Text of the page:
stored in a cistern, for rain water was collected for daily
usage or hauled from a neighboring well.
In 1933, the wheat crop was a bumper crop and sold
at $.11@ bushel. The white wooden frame house was
moved in the 1940’s. The previous residence was
the old tool shed near the windmill. the white frame
house was remodeled in 1960, first indoor plumbing.
The Tabors helped CP buy a television in 1956 and
erected a 35’ antenna to get two stationsKGNC and
KFDA in Amarillo.
CP played a harmonica until all of his teeth were
removed. He was shy but a self educated man.
He read week old newspapers, Zane Grey Westerns,
and adventure stories. He worked hard each day.
He refused to eat any “green” food, as he said it was
poison. He was a joker and loved his grandchildren,
especially Venie. In home movies, CP would put
rubber snakes on Christmas presents.
In 1966, CP came into the house sitting that the tractor
had run over him. It was unclear if that was what had
happened. The doctors indicated that he had had a
“stroke” and his mental capabilities were impaired
from that date on.
He spent the next 14 months in a skilled nursing home
in Pampa, he had difficulty in adjusting as he wanted
to go back to the farm. He died of kidney failure
(traumatic). He had had only a few medical problems:
spleen surgery 1954, that was nearly fatal due to
peritonitis. He was 5’8” tall, light brown hair, blue
eyes, and a regular build. He chewed “Bull of the
Woods” dark plug tobacco. He would cut a plug and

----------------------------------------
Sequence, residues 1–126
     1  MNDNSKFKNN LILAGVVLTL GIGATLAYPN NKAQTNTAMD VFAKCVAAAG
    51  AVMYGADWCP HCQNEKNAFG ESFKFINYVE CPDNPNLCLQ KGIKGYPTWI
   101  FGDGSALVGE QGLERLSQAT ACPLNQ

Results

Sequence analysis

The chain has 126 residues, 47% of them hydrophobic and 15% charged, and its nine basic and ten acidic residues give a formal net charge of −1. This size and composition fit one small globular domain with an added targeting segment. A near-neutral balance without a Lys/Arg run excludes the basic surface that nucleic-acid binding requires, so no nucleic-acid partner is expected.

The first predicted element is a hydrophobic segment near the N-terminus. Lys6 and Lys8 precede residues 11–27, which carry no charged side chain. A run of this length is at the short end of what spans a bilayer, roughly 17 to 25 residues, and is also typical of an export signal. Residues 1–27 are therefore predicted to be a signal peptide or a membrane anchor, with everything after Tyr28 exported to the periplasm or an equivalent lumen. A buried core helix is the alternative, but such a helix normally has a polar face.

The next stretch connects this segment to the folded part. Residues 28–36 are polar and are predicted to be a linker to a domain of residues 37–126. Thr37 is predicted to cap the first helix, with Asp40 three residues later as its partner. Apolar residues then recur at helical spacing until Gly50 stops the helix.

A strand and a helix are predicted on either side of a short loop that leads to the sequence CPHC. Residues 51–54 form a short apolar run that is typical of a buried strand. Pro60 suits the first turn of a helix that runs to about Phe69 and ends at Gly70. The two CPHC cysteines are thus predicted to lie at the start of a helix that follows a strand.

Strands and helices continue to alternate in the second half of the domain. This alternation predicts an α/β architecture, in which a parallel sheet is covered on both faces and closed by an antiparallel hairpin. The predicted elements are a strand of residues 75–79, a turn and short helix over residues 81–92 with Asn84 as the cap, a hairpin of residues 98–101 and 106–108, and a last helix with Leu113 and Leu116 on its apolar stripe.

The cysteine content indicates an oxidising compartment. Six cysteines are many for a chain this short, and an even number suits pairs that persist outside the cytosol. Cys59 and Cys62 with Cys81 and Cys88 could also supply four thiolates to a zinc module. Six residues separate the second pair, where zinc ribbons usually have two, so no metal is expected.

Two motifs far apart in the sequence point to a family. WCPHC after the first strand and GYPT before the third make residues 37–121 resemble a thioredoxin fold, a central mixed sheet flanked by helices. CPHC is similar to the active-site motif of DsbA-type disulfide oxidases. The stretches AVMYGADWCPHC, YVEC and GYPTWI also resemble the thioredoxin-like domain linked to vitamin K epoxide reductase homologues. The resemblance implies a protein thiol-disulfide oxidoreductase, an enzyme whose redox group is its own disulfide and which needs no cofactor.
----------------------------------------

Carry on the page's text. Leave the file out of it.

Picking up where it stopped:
offer it to all. His nickname was “Dode”. His last
vehicle was a 1959 Chevy pickup. He would not use 2nd
gear. Eve never drove. On Saturday, he would go to
the Ideal Food Store south of the Main Street
Under-Pass and walk to other locations. His last dog
EVA ELMARA DAVIS
Eve was born October 22, 1887
in Olcott, Kansas. She was 5’9” tall, with a slim build.
She had green eyes and black hair. She had a number of
childhood illnesses. One of the illnesses would cause
her to “pass out”. Later in life she had other physical
problems, like a reoccurring peptic ulcer.
She was a good cook, canned and froze the
fruits and vegetables. She had a cherry, apple, and
pear orchard behind the house. When she was seventy,
she killed a rattlesnake with the coupling of a garden
water hose. During the depression, she killed a Chicken
Snake who swallowed several chicken eggs. She saved
the eggs. The house was heated from gas from the lease
well, that Phillips 66 drilled. The oil lease is tied up.
She had a gas refrigerator. She made fresh bread.
Eve died on February 1, 1972 in Pampa, Texas.
CP and Eve had two children: Gwendolyne
Aillenn Couts, born June 9, 1920 in Pampa, Texas,
married August 12, 1945 in Pampa, Texas and William